Miya Smith: A Metalsmith Bridging Cultures

 In Interviews, Uncategorized, Writings

For the 2019 year, Miya Smith was an Artist in Residence at Saddleback Visual Arts. She committed to working out her craft in the midst of our community and we in turn were able to learn from her life and artistic practice. You may read more about and apply to be the next artist in residence here.


Miya Smith is a Silver/metalsmith and Japanese calligrapher. Her passion is to create jewelry and art, and to connect people. Her creative life involves jewelry making, metalsmithing, stringing, pottery, Japanese calligraphy, tea ceremony, ikebana, kintsugi, and calligraphy.

She was born and raised in rural Japan with Buddhist background. She took up jewelry making in Tokyo in the 1990s and has had numerous experiences by variety of teachers. She worked as bench jeweler apprentice in Michigan and Hiroshima and has been in California since 2001. She became a believer in 2005 and was baptized at Saddleback. Miya is married with two boys and resides in Orange County, CA.

In her exhibit at Saddleback Church, she hopes to show this “Transformational Culture”, and make her creativity a cultural catalyst through her work.

Interview with Miya

What is your work about?

To share my culture and background by expressing natural beauty in simple forms and patterns through precision in my art. To be sensitive and honor my culture while exploring new avenue for culture and faith integration.

Why did you come to SVA?

I was heavily involved with PEACE missions to Japan since 2009, by leading mission teams, coaching, coordinating and connecting teams from Saddleback to Japan. When Pastor Rick announced in late 2011 to plant Saddleback in 12 global cities including Tokyo, whole bunch of people started joining the movement. Me and my husband were volunteer leaders for the community, which God grew to over 100 people who had gone to Japan on mission from Saddleback.

But a while later, that door got abruptly closed. We were heartbroken. We didn’t know what to say to the community. We felt like we lost a huge part of our “purpose” in the church. During all this, I found SVA. It was a space that I didn’t have to work or perform. I just had to “be myself” and create. I could feel my heart for art was coming back to me. I had started making jewelry back in Japan more than 20 years ago, but with all the missions work and life as parents, I had completely put that aside for several years by then. Coming to SVA gave me a sense of community and belonging again, where it was safe to explore my creativity. SVA truly gave me a new identity as an artist, and as a daughter of God.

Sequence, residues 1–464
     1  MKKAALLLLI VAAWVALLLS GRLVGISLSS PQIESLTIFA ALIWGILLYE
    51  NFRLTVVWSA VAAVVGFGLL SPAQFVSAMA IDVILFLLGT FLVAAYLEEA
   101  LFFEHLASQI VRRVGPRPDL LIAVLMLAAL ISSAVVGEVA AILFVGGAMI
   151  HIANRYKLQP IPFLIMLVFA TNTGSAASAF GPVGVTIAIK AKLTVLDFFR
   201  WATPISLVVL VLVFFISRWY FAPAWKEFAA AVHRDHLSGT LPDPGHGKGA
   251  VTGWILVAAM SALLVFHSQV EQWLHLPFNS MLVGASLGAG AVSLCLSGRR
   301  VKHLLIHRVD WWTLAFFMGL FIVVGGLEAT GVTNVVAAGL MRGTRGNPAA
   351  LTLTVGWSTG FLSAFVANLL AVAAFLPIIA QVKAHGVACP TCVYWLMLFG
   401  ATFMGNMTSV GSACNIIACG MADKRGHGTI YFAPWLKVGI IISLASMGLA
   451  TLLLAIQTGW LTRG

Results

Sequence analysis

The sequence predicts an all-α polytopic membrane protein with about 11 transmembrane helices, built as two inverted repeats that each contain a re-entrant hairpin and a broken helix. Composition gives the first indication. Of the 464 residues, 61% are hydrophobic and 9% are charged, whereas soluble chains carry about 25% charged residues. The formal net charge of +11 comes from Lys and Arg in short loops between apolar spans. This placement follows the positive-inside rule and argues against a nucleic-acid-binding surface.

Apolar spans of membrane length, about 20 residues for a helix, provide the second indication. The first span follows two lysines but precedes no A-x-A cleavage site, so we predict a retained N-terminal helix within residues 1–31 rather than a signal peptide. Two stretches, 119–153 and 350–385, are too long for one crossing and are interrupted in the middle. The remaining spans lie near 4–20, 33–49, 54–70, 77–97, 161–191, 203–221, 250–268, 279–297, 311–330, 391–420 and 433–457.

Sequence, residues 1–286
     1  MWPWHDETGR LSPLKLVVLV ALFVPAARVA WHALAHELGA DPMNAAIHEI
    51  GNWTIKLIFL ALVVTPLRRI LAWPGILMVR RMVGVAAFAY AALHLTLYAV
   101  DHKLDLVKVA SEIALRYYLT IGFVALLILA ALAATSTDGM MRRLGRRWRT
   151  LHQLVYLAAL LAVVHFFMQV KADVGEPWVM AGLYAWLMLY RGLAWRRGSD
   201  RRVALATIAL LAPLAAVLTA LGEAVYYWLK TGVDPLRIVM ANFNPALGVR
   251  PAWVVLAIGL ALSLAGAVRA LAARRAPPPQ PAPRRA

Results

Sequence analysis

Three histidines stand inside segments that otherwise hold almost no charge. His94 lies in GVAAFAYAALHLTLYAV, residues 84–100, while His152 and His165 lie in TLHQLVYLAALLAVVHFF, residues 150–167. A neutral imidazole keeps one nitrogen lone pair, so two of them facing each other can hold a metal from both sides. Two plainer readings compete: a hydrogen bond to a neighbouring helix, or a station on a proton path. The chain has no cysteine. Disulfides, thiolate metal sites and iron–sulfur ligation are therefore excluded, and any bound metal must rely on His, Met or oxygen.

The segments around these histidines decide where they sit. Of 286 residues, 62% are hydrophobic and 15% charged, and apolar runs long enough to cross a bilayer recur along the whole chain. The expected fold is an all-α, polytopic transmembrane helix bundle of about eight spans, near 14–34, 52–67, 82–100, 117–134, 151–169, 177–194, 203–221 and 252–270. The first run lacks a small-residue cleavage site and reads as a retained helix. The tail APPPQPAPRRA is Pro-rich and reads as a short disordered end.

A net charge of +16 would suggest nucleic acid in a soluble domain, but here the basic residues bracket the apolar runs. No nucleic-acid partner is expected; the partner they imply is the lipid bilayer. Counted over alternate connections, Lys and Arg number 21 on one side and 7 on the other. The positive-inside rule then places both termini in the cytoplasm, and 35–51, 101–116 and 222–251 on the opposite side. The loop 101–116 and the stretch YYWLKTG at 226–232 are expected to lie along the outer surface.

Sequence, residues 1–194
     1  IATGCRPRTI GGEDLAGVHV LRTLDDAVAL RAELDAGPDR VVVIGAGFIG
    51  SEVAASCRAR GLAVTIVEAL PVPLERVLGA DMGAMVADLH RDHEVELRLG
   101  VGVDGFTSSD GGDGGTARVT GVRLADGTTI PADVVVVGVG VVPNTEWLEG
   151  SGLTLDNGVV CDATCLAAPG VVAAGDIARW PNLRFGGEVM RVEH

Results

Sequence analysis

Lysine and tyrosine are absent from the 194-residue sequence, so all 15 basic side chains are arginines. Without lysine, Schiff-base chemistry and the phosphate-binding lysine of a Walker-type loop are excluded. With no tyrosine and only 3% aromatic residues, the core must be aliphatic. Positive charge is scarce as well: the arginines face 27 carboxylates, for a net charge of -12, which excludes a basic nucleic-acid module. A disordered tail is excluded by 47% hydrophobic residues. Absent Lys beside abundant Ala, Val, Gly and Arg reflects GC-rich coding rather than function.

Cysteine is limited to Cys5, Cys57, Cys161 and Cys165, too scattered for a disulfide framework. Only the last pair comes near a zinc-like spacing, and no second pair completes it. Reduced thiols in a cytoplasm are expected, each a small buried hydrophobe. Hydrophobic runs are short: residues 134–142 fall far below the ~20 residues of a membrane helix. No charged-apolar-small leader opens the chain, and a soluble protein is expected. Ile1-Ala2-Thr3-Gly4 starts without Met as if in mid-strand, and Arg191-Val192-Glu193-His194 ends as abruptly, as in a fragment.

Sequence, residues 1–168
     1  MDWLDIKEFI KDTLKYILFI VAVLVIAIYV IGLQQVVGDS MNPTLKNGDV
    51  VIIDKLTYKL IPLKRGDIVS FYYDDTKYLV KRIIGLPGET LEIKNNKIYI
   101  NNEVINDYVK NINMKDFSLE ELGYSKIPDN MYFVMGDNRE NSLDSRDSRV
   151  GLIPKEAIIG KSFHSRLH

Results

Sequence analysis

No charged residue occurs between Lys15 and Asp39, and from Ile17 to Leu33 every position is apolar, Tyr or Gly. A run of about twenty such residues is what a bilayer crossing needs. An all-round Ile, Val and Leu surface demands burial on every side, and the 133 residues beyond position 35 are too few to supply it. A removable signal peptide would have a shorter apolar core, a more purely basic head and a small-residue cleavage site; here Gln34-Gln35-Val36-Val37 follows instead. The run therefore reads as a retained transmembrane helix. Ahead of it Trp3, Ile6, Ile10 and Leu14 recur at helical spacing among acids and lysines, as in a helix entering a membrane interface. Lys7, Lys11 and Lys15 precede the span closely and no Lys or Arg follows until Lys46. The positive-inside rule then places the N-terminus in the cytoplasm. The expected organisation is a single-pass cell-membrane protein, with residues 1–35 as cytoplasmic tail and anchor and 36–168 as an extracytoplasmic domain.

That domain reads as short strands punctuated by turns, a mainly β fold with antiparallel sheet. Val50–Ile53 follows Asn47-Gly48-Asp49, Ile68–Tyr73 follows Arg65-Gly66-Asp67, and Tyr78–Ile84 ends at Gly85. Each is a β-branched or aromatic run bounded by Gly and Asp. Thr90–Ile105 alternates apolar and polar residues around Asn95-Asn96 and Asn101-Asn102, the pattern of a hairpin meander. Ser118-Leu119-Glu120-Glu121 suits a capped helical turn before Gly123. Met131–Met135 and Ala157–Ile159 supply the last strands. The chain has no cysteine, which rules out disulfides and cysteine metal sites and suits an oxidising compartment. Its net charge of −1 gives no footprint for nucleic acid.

How does your art and faith intersect?

As a Japanese who became Christ follower in US, I always try to glorify God through using my passion and talent that God gave me, which are; reaching out to fellow Japanese, hospitality, project management, and creating art. Art making is a part of expressing who I am which ultimately expresses God the Creator. It is my way of glorifying God and giving back to Him using what He gave me (my gifts) and who He made me (Japanese woman).

All Photography by Carrie Segrist

See Miya’s Work in The Saddleback Art Gallery, up from Nov 21, 2019. Work is up through January 12, 2019

Miya’s Work on Instagram: @miyasilversmith

Recent Posts